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New Zealand: Rare
Overseas: Rare
Importation: 1973

Highland Cattle

A Rare Breed of Scottish Origin

Highland cows, Cherish and Cherub, at Stoney Oaks  (Photo by Gail Simons.)
Highland cows, Cherish and Cherub, at Stoney Oaks   (Photo by Gail Simons)

      Highland cattle were the original domestic cattle of the western highlands of Scotland, a breed developed, and particularly suited to survive, in the harsh conditions prevailing in that area.

      Early English writers referred to them as “Highlanders” or “Black Cattle”, which was the prevailing colour (along with a few dun animals) in the seventeenth century. But in their own country they were simply known as “Kyloes”. There is some disagreement as to the origin of this name, some maintaining that it is the corruption of a Gaelic word meaning “Highland”, while others believe that the name was originally applied only to the animals of the Western Islands. These latter were said to be named after the kyloes or ferries on which they were moved from island to island and to and from the mainland.

      While the black colouring prevailed in the sixteen hundreds, and black animals were thought to be heavier and hardier (and therefore preferable), other colours were known, mostly to the east in Perthshire. White markings were also seen as desirable. Called "chaisfhionn", those so marked were said to indicate a good milking line.

Highland cow, Cherish, with her calf, Angel.  (Photo by Gail Simons.)
Highland cow, Cherish, with her calf, Angel   (Photo by Gail Simons)

      Originally the Highland cattle were kept outside all the year round and it was not until the mid-eighteenth century that even the feeding out of hay as winter fodder began to be practised. A writer in 1776 described the breed as “homely” – commonly small and black, with wide horns, sour faces and thick coats.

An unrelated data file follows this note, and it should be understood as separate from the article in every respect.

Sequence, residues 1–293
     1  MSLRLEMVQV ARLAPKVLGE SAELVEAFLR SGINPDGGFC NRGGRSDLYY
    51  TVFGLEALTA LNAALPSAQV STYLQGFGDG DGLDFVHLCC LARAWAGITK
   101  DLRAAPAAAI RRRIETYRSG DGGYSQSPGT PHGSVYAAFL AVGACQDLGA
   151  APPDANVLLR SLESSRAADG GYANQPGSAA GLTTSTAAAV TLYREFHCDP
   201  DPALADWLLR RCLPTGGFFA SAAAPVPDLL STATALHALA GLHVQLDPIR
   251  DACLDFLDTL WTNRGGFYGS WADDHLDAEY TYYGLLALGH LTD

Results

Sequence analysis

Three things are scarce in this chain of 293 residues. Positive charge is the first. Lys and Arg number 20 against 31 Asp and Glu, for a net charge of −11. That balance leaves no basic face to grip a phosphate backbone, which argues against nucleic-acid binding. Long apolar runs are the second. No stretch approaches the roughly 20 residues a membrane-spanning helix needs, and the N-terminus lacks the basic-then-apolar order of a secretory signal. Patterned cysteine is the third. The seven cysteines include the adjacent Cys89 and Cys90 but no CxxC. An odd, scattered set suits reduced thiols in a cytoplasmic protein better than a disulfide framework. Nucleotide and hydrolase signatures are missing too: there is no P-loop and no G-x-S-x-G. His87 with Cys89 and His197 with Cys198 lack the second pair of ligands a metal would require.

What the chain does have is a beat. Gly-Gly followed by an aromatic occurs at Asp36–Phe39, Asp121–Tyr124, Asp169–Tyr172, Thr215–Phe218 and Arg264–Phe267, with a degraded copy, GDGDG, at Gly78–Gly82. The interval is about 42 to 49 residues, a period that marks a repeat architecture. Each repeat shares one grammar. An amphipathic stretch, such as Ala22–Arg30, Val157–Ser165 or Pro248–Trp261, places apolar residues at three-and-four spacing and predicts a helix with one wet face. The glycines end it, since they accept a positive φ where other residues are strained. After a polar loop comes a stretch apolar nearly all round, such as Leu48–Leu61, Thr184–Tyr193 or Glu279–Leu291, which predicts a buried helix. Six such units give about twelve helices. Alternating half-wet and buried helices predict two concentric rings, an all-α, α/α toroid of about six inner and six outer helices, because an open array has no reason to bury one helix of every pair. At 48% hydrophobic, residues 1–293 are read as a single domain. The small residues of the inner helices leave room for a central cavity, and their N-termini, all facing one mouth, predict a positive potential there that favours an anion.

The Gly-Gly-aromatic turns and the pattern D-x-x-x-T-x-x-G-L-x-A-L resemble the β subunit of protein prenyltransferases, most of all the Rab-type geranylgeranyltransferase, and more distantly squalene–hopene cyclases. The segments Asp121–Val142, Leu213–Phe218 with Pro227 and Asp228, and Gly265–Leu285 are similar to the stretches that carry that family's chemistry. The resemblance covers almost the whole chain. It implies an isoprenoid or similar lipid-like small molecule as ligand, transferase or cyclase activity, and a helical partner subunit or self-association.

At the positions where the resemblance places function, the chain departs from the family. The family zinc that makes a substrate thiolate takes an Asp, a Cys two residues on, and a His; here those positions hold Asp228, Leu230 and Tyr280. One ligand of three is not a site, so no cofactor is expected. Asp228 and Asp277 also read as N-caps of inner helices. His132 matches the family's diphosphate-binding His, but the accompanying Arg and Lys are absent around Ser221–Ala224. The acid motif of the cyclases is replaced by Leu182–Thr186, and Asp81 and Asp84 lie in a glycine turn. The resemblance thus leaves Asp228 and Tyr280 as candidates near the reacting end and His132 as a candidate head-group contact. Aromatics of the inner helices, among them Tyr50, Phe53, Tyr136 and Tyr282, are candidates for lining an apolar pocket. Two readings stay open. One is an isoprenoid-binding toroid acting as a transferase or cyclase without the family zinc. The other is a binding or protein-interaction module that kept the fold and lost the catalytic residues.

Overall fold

In 1884 a Highland Cattle Society of Scotland was formed. By that time the Highlander was a markedly different animal from the old Kyloe of the Islands. A number of improvements to the breed had been made, particularly by those who not only selectively bred their herds but also made better feed and winter housing available.

      The first Herd Book was published in 1885. But although essentially a beef breed, the Highlander nevertheless found it hard to compete with the faster-growing commercial animals. Its ability to withstand harsh conditions was of little advantage outside of Scotland. Over the last century Highland Cattle, both in their country of origin and overseas, have been valued at least as much for their historic associations and ‘romantic’ appearance as for their utility.

Highland cattle (Photo by Gail Simons.)
Highland cattle   (Photo by Gail Simons)

      Although there are reports of Highlanders being imported into New Zealand early in the twentieth century, the breed does not appear to have survived at this time. Current herds began with Scottish and Canadian imports in 1973 and 1979 respectively. Most animals, however, derive from » breeding up programmes, particularly using imported semen.

      A New Zealand Highland Cattle Society was formed in 1993, and it is notable that cream-red coloration dominates over the brown or black – presumably a fashion preference.

      The Highlander is a useful beef breed on poor pasture and in cold conditions, producing a desirably lean carcase which more than compensates for its comparatively slow rate of maturing – particularly for the smallholder for whom breed interest is often as important as commercial considerations.

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